Everything starts with a blood test: IVF

It wasn’t a surprise when our fertility specialist suggested that we try IVF. I knew the odds of conceiving via IUI weren’t high; IVF was the natural progression. I was actually a little happy that we could jump ahead to a procedure with much better odds.

I read up on what the procedure involved. I expected pain during the egg retrieval, and felt prepared for that. I didn’t think too much about the fertility medications. I assumed they’d be no different to the medication I took during the IUI. This assumption was wrong.

My first cycle didn’t go quite to plan

Everything starts with a blood test. At least I was familiar with this part of the process. In the afternoon, the nurse called to say I was good to go, and I started the injections that night.  Injections are never fun, so I made Jay do them for me. 

After five days of injections I felt a bit bloated and uncomfortable, but nothing completely out of the ordinary. I went in for another blood test, and that afternoon the nurse called;

“we’re a bit concerned about how rapidly your oestrogen has risen. You’ll need to come in for another ultrasound and blood test tomorrow so we can figure out what is going on.”

I kept taking my injections as normal, but that night I struggled to sleep. I felt nauseous, the bloating hadn’t gone down, and that’s when the emotional side effects started.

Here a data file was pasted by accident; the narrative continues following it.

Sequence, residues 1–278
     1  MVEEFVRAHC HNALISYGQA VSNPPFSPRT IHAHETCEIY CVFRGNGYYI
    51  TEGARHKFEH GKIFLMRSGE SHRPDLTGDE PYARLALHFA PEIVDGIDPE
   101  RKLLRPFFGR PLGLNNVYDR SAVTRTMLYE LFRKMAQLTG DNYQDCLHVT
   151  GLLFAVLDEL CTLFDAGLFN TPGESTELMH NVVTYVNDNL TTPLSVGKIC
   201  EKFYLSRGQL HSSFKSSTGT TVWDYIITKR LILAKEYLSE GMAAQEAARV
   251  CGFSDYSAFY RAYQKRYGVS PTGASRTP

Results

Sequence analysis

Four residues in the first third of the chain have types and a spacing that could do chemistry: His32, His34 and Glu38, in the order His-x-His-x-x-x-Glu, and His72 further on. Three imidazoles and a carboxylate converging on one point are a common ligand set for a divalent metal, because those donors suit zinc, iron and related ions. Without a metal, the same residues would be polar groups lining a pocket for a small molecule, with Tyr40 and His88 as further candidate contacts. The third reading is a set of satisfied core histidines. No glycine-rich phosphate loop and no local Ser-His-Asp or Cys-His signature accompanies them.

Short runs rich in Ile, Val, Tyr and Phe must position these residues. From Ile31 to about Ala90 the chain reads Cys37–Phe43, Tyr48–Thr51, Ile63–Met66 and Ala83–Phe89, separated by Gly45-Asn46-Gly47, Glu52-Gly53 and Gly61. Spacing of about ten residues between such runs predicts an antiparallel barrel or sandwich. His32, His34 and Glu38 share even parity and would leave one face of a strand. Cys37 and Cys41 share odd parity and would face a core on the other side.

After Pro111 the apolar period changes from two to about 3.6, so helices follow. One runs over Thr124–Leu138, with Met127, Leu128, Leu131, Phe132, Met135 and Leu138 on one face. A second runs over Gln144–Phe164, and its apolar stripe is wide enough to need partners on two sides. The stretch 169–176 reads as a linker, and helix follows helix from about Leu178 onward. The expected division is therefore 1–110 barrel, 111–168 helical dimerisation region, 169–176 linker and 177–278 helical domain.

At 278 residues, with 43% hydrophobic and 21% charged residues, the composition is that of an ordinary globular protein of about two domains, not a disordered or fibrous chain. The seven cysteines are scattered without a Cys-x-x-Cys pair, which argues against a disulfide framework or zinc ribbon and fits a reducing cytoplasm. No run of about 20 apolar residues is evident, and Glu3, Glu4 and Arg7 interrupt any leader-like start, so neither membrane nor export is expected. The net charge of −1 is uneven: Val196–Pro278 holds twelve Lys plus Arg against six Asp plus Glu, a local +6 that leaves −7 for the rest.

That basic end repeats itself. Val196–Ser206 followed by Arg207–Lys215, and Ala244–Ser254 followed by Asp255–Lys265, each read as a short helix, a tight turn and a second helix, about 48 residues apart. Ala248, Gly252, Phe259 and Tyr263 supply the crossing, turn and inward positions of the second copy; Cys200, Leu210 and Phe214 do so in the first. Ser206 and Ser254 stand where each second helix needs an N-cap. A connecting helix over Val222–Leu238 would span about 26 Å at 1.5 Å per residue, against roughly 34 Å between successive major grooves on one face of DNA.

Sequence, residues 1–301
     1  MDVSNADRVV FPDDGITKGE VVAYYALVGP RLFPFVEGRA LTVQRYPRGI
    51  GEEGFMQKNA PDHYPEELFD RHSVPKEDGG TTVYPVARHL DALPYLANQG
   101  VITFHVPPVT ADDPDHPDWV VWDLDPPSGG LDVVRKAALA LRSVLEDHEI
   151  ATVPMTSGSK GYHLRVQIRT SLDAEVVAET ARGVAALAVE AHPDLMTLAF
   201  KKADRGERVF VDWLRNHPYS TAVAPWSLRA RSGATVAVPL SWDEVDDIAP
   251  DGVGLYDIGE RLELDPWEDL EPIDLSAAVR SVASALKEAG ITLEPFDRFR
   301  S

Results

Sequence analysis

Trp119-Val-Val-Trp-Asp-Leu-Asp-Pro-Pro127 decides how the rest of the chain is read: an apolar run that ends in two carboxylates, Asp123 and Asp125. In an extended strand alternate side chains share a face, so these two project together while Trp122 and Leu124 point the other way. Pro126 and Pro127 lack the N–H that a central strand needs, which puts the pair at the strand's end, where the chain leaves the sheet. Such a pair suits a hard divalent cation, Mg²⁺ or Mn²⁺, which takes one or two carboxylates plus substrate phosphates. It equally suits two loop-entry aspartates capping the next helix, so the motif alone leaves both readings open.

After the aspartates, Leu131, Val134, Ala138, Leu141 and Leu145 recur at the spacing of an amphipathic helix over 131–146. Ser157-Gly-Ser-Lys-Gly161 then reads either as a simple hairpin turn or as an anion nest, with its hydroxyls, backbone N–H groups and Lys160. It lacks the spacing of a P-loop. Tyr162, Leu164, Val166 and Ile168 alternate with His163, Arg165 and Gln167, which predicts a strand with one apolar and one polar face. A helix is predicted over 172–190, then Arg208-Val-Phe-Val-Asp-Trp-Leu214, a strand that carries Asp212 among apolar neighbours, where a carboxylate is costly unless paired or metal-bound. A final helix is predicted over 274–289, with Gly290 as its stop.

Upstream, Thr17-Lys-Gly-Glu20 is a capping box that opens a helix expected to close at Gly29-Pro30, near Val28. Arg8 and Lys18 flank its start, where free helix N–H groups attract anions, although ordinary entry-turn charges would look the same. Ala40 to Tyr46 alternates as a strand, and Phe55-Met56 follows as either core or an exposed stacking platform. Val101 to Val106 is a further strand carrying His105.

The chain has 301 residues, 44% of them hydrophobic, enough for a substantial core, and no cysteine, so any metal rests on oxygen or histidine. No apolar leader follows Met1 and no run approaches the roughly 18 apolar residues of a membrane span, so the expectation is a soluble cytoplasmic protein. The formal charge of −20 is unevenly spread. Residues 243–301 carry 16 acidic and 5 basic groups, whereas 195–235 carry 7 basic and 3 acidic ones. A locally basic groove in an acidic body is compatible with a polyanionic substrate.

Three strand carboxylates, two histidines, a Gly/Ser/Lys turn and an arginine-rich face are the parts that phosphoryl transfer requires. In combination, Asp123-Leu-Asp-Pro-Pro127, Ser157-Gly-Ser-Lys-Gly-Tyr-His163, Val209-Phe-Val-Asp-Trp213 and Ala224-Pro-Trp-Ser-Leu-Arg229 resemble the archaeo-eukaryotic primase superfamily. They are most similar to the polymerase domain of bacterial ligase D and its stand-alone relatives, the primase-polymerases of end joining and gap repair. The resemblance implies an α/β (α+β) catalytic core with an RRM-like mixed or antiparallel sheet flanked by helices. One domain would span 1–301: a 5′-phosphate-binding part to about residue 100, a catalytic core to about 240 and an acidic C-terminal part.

The next day we went to the clinic early in the morning. Jay was taking notes for the sonographer. In total, there were 36 follicles. Jay ran out of room on the page and had to start writing in the margins. I knew this number was too high; at our first appointment the fertility specialist said she aims for 10.

I was on annual leave, and Jay was on school holidays, so we kept ourselves occupied with ice-cream and a visit to Paperchain bookstore. When the nurses called that afternoon, they didn’t hold back:

“I’m sorry, I don’t have good news…”

My cycle was cancelled. Apparently my oestrogen had risen too quickly, and it would be too risky to continue.

That night my stomach started to balloon. It got rock hard as it filled with liquid and I gained 2 kgs in just over a day. I felt nauseous, and cried in the shower (but I still don’t know why). I tried to sleep, and put pillows between my legs, and tossed to find a position that was comfortable. Nothing seemed to help. I eventually gave up, and Jay kept me company while I watched the latest season of Grace and Frankie.

IVF wasn’t fun. I’m feeling back to normal now, and hoping next time won’t be so hard.   Even if is, I’d still do it again, but I’ll make sure to stock up on ginger ale, wheat bags, and binge-worthy tv.

 

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